I’ve never had much luck in finding yarn. I can dream of some fantabulous yard sale, the result of a knitter’s stash guilt, or maybe even (come on, you’ve thought of it, too!) their death. The idea of skeins of wool, of cashmere, even of humble cotton, dance before my crazed eyes. Long term yarn deprivation can do that to you. It also starts to make Red Heart Super Saver feel like the finest silk, but that’s when intervention by good friends is needed.
I’ve had better luck in finding books about knitting. It takes patience. I have sifted through dozens of quilting and needlepoint books to find just one or two titles. But this past weekend, I found a little stash of vintage sock pattern pamphlets—for 25 or 50 cents.
The first is from 1975. It’s a Bernat pamphlet called, “On Your Toes,” and one thing that I’ve immeaditely noticed about all 3 pamphlets that I found is that there are many more men’s patterns than you usually find today.
This is actually probably my least favorite of the three pamphlets, but I’m really fond of this pattern here, poetically entitled, “Style No. 2333-218,”!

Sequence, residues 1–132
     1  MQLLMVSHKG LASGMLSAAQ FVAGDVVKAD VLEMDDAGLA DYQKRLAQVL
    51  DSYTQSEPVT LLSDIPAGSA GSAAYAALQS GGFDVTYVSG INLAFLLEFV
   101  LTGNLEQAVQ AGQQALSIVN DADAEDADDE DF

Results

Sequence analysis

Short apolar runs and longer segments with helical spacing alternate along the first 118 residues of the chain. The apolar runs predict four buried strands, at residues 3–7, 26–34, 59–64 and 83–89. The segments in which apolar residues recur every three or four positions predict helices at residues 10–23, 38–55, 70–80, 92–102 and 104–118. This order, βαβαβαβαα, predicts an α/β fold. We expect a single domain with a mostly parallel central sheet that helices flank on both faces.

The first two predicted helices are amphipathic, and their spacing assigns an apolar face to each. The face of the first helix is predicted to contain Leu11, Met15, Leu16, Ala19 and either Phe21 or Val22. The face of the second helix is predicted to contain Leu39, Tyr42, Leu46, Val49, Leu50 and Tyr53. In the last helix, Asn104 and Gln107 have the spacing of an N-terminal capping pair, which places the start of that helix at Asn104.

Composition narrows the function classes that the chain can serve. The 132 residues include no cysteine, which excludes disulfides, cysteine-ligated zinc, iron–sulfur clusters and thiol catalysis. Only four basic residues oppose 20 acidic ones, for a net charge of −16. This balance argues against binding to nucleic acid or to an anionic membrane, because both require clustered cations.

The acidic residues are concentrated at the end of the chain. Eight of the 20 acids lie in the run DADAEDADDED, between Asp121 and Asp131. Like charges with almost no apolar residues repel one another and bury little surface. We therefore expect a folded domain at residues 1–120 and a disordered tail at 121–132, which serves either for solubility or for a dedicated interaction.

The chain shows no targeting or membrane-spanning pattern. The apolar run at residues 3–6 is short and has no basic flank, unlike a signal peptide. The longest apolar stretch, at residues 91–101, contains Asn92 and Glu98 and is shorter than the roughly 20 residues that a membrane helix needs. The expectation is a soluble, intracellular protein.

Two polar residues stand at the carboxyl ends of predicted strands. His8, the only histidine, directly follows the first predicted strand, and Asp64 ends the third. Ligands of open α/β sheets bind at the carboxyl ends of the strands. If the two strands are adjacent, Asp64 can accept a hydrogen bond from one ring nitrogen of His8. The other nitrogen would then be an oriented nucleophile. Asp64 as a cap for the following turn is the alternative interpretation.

There’s a knee high version as well, all knit in the well-known Bernant Berella Sportspun!
The next pamphlet (and possibly the most amusing) is, “Bear Brand Hand Knit Socks, for Men, Women, Children.”
And possibly for someone who is extremely fond of argyle.
There are also some very classic sock patterns (mainly cabled) also included in this book. Many are sized for men. For example, these are Men’s Cable-Stitch Socks and Anklets, No. 2224
Or perhaps you prefer the more dashing Sport Anklets for Men and Women!
What about a pair of Girl’s Knee Length Socks?
There are more patterns, including some rather overdone Aran things, but I’m moving on to what is possibly my favorite of the pamphlets—The All-American Sock Book! (No Communist socks for you!)
Now this sock, if I’ve ever seen a classic vintage sock pattern, it’s this one. It’s simply entitled Men’s Striped Socks.
Not quite sure where they’re hiding the cable on this pattern.
I love old-fashioned socks. They have odder shapes, different sensibilities than we do now.
This next pattern is very sweet and possibly one of the easiest to translate into a modern pattern—just shorten the length, and keep the adorable heart motif. This pattern is called Big Girl’s High Socks.
A possible future project, if I can ever dig myself out my current obligations!